A one-cluster-per-condition design is analogous to assigning one person to the treatment and one person to the control in an ordinary (nonclustered) RCT, measuring each person’s outcome multiple times, treating the multiple observations per person like independent observations, and interpreting the results like a valid RCT. In such a situation, the observations on person A can be tested as to whether they are significantly different from those on person B but cannot support an inference about the effect of treatment per se.

So it is clear that a one-cluster-per-condition design is not valid to ascertain much about the intervention. However, many individuals (if not all) failed to notice that the Finnish Mental Hospital studies were not even cluster randomized! There is no indication in any of the five published papers from these two studies that there is any randomization. You can check all five papers here:

Published Journal Year Publication Title
International Journal of Epidemiology 1983 Dietary Prevention of Coronary Heart Disease in Women: The Finnish Mental Hospital Study
Circulation 1979 Effect of Cholesterol-Lowering Diet on Mortality from Coronary Heart Disease and Other Causes
American Journal of Clinical Nutrition 1968 Dietary Prevention of Coronary Heart Disease: Long-Term Experiment: I. Observations on Male Subjects
International Journal of Epidemiology 1979 Dietary Prevention of Coronary Heart Disease: The Finnish Mental Hospital Study
The Lancet 1972 Effect of Cholesterol-Lowering Diet on Mortality from Coronary Heart-Disease and Other Causes a Twelve-Year Clinical Trial in Men and Women

Furthermore, cluster-randomized trials were not common when these studies were being conducted, which is why we should be skeptical of these being cluster-randomized trials.

Yet, these two studies were mistakenly labeled as being “cluster randomized” and therefore were included in the meta-analysis. Both of these studies contributed a total weight of 16% to the analysis.

And again, the authors found a pretty notable reduction in CVD events (RR: 0.81, 95% CI: 0.70, 0.95, p = 0.008)

# Correcting the Error

So what happens to the results when you correct this mistake by removing the two studies?

Let’s open R and find out. If you’d like to reproduce the analysis on your own, you can find all the code at the bottom of this blog post.

My reanalysis

As you can see above, rerunning the analysis after removing the Finnish studies results in the effect size shrinking from a 19% reduction to a 13% reduction (RR: 0.87, 95% CI: 0.76, 1.00). That’s a large difference!

If we’re concerned about statistical significance, the results are no longer significant. It’s worth noting that the upper bound of the confidence interval barely contains the null value (1) and the lower bound includes a value as low as 0.76. It’s clear that the CI still seems to lean towards an effect.

Regardless of your statistical philosophy, this was a noteworthy, objective mistake. It was a mistake in labeling two studies as meeting the inclusion criteria, and correcting for this mistake leads to a substantial change in the results. Yet, this error has not been corrected for in the journal. In fact, this study has been around for eight years with no corrections or retractions.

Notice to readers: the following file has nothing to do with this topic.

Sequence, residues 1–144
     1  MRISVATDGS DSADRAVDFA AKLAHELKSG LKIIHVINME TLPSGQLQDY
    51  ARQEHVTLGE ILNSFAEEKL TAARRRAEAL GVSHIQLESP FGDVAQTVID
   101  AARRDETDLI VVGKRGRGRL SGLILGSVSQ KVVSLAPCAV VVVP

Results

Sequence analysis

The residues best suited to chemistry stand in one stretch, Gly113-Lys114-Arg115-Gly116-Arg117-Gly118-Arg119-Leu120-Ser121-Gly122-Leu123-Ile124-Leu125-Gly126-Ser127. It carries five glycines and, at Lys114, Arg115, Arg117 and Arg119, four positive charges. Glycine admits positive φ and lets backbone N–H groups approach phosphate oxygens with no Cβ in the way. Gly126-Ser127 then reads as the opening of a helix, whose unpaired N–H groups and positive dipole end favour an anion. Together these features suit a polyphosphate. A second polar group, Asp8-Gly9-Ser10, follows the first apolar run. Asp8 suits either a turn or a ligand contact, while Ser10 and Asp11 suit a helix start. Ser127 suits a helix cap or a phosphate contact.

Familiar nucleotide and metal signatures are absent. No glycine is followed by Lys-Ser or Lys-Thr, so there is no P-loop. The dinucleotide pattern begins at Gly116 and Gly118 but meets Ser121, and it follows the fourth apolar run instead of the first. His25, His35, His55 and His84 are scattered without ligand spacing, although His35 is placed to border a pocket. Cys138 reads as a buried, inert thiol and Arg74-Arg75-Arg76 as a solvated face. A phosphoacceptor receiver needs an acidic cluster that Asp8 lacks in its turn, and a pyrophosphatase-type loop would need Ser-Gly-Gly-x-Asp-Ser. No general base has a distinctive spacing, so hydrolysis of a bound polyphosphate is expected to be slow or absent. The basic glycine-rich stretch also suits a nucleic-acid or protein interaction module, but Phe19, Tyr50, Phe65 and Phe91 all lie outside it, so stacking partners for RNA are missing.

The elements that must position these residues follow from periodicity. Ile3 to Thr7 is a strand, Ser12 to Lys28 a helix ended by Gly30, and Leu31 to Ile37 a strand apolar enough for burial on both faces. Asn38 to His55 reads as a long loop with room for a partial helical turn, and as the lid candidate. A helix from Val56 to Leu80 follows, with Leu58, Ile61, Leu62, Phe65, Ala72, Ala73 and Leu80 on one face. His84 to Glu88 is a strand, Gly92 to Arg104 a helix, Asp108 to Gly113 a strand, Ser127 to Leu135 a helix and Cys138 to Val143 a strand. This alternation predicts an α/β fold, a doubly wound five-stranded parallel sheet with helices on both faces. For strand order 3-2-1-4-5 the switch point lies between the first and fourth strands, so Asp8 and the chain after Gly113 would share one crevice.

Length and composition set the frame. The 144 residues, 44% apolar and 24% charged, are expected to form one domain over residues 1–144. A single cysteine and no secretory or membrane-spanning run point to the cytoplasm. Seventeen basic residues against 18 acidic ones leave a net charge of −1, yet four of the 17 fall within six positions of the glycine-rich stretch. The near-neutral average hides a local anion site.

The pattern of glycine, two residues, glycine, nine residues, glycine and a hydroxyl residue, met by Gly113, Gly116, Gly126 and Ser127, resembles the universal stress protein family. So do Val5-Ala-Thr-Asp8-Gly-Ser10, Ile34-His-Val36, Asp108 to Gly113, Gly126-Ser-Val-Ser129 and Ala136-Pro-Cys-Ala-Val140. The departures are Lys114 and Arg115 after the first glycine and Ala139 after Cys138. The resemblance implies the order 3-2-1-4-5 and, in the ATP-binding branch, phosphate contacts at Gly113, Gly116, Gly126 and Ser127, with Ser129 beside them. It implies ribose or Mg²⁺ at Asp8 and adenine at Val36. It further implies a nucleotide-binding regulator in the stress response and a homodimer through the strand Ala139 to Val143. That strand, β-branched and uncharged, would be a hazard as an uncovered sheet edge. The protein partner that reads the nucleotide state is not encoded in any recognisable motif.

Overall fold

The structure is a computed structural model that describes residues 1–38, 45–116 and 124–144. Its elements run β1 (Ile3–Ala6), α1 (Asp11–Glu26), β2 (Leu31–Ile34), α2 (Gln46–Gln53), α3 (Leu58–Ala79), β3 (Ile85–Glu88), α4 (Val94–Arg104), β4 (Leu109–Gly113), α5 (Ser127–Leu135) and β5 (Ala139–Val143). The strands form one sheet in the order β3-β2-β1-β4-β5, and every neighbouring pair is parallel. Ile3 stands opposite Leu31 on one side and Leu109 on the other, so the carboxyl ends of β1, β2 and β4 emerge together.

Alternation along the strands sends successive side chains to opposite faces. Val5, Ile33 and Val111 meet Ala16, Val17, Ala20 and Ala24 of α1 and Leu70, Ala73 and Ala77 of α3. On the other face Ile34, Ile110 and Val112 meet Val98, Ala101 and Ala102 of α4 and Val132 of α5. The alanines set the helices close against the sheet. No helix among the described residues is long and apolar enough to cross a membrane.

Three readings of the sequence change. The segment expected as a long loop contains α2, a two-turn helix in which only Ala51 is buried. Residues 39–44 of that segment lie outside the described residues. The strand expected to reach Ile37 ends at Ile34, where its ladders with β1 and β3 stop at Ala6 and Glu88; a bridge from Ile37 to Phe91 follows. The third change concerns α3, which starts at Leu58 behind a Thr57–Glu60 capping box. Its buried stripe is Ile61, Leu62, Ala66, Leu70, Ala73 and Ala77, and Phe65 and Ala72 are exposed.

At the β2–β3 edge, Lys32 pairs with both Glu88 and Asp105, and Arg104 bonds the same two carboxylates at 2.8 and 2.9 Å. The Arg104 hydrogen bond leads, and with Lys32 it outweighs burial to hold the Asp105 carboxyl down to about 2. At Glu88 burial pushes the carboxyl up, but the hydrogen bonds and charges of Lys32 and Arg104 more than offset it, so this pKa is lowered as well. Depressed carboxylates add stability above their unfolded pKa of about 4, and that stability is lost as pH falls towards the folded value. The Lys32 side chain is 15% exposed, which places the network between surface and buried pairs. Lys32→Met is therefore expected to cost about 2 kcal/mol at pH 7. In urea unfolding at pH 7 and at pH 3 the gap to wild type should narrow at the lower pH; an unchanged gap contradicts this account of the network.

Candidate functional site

I reached out to both the authors and the editors of PLOS, but to date, there are no updates or corrections on the article itself. Therefore, I suspect several people who read the article or cite it, are not aware that the summary effects are incorrect and that some of the studies in the analysis should not be there!

It is very important to note that correcting for the errors in this study does not lead to completely different conclusions. Although the effect is no longer statistically significant, it is still there based on the effect size and coverage of the confidence intervals. However, the effect is reduced.

Systematic reviews by other groups including Cochrane did not include the Finnish studies in their meta-analyses because the authors didn’t believe that a “cluster randomized trial” with so few clusters (2) met the inclusion criteria for a randomized trial (also worth remembering, that there is no indication in any of the papers that this was even cluster randomized!). Some of these systematic reviews that exclude the Finnish studies still find a benefit to replacing saturated fats in the diet with polyunsaturated fats.

However, other meta-analyses have also found no statistically significant benefit to replacing saturated fats with polyunsaturated fats.

Clearly, there is quite a bit of disagreement on this topic. Regardless, the meta-analysis in question still made a large error and it is a problem for the following reasons (even if the overall conclusions of it were not to change after the correction):

• Two prominent studies were misclassified

• The studies did not meet the inclusion criteria but were included

• Inclusion in the analysis leads to a substantially different effect size than without inclusion

• The meta-analysis is constantly cited and misleading other readers and future researchers

I’m certainly not suggesting that errors do not happen, especially when undertaking such large, comprehensive projects. In fact, I would probably be suspicious if there were never any errors when such large projects were conducted!

However, I believe that when such errors are pointed out, they should be corrected as quickly and transparently as possible. Hopefully, the authors and the editors address this issue soon to prevent any further confusion.

# Reanalysis Script